"I Want You" is also an absolutely rip-roaring track, sounding for all the world like The Fall at their most frantic featuring Tom Hingley of the Inspiral Carpets on guest vocals. It somewhat proves Smith's point that "if it's me and your granny on bongos, it's The Fall". It starts as it means to carry on with an enormous ramshackle juggernaut riff, then rallies along, incorporating some quality Smith-isms on the way. "The Dutch East India Company in the USA of A think they can fool/ with their sincere usury" seems to be about the American independent distribution company who he had clearly experienced difficulties with at some point, though God knows who "lost two stone in weight".

The song sticks doggedly to its chosen path, never really developing or choosing new roads. It's akin to a full-force naive sixties garage track in its approach, in total love with its own noise and poking a finger in the eye at the Inspiral Carpets usual considered tunefulness at this point in their careers. It went on to top the 1994 John Peel Festive Fifty, and no wonder. It also went on to reach number 18 in the UK charts, which was somewhat less expected under the circumstances. In all, it's one of the better tracks either party has been involved with, and it makes you wish they'd actually done a few more things together.

Sadly, this is the last time we'll be discussing The Inspiral Carpets or Mark E Smith on here. The former split up after being dropped by Mute Records, and the latter continued ploughing his way through numerous record labels and dozens of singles and LPs, but was just never featured on the series again.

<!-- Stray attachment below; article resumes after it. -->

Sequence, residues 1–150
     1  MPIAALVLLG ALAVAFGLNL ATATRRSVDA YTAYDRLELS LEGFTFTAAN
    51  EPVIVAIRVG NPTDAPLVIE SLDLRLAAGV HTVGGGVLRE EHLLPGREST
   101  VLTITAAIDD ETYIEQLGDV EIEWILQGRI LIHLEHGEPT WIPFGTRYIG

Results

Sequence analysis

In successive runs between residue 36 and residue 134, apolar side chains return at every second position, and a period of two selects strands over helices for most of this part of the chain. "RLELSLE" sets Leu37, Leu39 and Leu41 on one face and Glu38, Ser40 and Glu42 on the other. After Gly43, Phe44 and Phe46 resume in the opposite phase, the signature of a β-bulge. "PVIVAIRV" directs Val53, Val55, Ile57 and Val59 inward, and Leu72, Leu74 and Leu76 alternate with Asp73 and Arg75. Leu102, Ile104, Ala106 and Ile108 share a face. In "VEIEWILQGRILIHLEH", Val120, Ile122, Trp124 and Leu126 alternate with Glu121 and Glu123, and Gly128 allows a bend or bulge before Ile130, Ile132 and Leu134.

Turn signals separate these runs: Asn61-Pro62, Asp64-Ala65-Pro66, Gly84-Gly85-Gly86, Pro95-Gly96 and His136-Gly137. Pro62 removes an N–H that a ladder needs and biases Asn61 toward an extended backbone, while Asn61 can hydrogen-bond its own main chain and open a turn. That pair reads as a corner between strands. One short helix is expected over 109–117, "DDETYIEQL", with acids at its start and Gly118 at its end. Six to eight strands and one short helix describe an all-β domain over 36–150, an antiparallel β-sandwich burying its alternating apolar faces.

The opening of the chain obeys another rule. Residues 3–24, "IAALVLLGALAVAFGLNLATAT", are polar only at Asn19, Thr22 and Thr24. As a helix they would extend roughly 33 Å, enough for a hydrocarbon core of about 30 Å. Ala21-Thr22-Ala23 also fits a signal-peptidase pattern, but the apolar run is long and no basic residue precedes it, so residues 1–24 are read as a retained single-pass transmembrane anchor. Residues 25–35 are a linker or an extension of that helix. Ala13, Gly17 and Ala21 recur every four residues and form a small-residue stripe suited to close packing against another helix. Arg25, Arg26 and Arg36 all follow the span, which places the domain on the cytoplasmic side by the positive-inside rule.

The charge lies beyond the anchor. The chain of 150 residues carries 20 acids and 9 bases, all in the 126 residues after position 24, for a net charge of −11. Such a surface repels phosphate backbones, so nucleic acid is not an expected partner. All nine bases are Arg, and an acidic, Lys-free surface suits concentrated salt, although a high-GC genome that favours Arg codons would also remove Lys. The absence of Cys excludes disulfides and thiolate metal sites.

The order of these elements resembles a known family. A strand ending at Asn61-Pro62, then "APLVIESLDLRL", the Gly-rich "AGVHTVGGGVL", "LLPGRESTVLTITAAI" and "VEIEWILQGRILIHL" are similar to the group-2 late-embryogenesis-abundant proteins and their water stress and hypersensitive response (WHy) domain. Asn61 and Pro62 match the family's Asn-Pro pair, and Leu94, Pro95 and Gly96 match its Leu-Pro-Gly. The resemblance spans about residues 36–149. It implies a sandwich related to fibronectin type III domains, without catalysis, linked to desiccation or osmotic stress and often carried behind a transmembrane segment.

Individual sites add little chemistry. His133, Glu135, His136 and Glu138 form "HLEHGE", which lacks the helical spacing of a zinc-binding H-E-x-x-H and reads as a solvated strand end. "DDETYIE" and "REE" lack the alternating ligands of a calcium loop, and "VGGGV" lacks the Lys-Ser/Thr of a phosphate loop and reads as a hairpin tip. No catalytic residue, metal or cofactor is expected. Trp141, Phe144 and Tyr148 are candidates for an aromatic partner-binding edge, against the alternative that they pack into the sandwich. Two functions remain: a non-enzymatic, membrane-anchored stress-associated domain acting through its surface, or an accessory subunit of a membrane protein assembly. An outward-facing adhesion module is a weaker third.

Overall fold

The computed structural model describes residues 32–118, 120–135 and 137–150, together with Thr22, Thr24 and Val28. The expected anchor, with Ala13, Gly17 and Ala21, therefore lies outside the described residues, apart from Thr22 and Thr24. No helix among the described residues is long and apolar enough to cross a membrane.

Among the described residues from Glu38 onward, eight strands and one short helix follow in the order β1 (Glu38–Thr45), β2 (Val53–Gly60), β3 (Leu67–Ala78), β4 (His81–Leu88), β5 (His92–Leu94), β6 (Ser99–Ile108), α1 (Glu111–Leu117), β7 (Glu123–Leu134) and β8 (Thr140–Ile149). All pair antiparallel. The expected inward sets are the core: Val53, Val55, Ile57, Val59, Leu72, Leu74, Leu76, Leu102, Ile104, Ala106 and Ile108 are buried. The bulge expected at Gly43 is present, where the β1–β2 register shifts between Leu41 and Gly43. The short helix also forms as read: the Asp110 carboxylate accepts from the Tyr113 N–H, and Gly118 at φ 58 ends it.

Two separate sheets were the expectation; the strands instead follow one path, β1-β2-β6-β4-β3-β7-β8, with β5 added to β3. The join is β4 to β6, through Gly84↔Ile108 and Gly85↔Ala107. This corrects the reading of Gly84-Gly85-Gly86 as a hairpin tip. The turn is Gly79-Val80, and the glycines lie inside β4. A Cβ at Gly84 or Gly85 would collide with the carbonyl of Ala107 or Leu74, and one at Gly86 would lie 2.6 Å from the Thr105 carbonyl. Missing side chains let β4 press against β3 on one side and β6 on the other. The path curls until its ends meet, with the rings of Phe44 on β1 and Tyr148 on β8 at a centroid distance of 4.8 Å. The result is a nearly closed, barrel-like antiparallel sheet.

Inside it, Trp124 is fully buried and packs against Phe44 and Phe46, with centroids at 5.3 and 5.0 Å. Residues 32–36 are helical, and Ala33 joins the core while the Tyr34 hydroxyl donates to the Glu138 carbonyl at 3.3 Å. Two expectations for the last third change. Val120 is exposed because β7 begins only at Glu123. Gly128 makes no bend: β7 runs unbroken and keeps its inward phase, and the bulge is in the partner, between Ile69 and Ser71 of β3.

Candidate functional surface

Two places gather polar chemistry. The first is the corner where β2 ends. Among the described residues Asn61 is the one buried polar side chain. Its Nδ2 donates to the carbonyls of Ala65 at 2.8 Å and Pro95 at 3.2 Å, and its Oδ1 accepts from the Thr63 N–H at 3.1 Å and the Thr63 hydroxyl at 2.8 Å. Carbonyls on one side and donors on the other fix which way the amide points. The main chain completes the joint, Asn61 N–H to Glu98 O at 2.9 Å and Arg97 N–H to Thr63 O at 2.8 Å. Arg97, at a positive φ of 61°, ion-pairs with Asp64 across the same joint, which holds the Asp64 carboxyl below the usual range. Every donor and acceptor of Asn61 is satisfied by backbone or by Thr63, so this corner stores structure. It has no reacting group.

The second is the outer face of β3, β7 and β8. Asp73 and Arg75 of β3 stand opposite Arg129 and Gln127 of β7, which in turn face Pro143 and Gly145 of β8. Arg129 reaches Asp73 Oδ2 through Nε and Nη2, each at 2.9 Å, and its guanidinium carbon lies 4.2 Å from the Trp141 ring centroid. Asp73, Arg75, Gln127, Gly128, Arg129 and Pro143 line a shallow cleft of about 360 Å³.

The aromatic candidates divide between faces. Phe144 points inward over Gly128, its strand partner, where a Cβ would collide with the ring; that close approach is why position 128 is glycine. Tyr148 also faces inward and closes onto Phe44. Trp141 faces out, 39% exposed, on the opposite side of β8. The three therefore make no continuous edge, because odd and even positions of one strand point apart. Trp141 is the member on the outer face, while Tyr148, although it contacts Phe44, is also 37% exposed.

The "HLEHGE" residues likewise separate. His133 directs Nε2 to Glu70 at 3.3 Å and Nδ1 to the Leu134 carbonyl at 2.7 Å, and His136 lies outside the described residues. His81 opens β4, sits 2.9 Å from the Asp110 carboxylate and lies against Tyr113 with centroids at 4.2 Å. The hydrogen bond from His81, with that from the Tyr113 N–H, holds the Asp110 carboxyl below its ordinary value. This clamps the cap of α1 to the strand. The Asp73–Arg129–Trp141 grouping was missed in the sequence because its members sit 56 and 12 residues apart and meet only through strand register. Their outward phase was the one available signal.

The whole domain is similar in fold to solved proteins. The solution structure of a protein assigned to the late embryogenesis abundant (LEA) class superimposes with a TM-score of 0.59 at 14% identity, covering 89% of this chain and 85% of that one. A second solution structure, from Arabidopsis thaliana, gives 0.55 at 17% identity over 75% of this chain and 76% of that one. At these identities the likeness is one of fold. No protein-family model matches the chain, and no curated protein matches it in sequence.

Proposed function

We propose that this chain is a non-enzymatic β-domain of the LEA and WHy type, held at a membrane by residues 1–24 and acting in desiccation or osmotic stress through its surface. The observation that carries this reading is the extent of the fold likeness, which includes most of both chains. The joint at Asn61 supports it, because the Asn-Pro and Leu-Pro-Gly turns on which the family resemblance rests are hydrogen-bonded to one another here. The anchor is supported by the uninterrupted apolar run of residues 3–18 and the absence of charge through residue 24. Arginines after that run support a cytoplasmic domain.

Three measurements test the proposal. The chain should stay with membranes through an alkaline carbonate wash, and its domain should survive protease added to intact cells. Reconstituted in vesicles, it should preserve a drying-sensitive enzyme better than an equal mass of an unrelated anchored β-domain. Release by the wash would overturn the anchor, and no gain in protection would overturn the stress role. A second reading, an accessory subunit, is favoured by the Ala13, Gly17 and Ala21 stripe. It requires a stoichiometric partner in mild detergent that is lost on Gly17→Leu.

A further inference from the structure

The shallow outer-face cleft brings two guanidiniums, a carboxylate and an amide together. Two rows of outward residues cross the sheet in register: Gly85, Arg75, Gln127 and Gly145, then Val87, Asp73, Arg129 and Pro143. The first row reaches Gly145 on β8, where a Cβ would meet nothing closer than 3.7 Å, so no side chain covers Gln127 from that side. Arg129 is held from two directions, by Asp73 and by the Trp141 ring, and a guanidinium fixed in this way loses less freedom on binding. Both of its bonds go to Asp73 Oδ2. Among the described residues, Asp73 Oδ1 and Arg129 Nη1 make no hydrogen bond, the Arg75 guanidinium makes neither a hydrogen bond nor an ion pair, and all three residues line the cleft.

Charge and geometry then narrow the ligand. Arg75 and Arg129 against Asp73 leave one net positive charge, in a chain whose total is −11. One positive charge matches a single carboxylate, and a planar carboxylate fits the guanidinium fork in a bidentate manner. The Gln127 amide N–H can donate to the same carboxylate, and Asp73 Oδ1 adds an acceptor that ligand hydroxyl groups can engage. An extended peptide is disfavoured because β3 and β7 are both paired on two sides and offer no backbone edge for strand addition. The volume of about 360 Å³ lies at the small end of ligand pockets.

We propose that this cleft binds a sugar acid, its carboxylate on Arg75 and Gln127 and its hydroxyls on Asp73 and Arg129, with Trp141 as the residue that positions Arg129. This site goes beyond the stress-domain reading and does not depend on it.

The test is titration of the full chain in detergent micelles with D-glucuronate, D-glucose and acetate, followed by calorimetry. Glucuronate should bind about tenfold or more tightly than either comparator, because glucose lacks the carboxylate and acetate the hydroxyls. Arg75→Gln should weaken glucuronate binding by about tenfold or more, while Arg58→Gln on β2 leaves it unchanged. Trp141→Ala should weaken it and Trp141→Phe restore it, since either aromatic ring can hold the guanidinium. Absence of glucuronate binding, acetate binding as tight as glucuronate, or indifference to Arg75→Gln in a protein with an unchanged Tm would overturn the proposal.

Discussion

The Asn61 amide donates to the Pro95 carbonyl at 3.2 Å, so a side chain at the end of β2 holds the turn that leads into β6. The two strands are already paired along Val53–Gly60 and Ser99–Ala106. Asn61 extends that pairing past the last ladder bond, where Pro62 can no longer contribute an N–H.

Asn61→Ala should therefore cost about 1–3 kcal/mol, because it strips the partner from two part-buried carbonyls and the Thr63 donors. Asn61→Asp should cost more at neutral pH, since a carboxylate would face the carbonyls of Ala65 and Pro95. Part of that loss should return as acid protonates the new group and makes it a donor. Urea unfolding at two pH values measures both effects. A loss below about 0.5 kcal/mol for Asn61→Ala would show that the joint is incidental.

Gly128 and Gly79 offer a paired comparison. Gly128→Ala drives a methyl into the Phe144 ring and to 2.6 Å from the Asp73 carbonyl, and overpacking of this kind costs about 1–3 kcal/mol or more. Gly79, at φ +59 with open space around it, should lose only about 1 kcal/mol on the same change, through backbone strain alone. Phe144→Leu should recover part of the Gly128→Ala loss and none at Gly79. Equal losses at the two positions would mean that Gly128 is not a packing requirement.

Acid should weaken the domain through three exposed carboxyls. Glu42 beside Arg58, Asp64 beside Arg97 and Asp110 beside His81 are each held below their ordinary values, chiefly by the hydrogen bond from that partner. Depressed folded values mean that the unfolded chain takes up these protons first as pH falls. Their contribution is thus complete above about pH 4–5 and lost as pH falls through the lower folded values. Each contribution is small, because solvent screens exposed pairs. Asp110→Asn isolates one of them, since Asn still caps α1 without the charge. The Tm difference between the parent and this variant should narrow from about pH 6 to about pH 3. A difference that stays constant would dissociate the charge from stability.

8. The Charlatans - Jesus Hairdo (Beggars Banquet)

The Charlatans take a musical journey into the bluesy swamps of the American South. Though to be honest, elements of "Jesus Hairdo" sound similar to the theme to the long-forgotten Dave Lee Travis and Craig Charles starring action/quiz show "Go Getters", so perhaps they were actually taking a musical journey to Cheltenham to take a ride on a hot air balloon. Who knows?

"Jesus Hairdo" managed to join Primal Scream at the voodoo punch bowl at around the same time, and while it couldn't have sounded less like The Charlatans at their moody baggy peak, it did do a lot to show that the group were more than just a bunch of floppy-fringed blokes who belonged to another point of the nineties.

For my personal taste, "Jesus Hairdo" is one of the least pleasing Charlatans 45s, though. It's all bluesy jam and no bread, and a slightly odd choice for a single. That it failed to reach the Top 40 wasn't actually hugely surprising.

9. The Boo Radleys - Lazarus (Creation)

"Lazarus" appears on Volume 20 of "Indie Top 20" by dint of its reissue in 1994. This upsets the lineage of our discussions about the Boos somewhat, but it probably makes sense to start at the beginning - when "Lazarus" first emerged in 1992, it felt completely unexpected. While the group had developed their sound in leaps and strides prior to its release, there were elements to the track which had never really achieved such prominence before.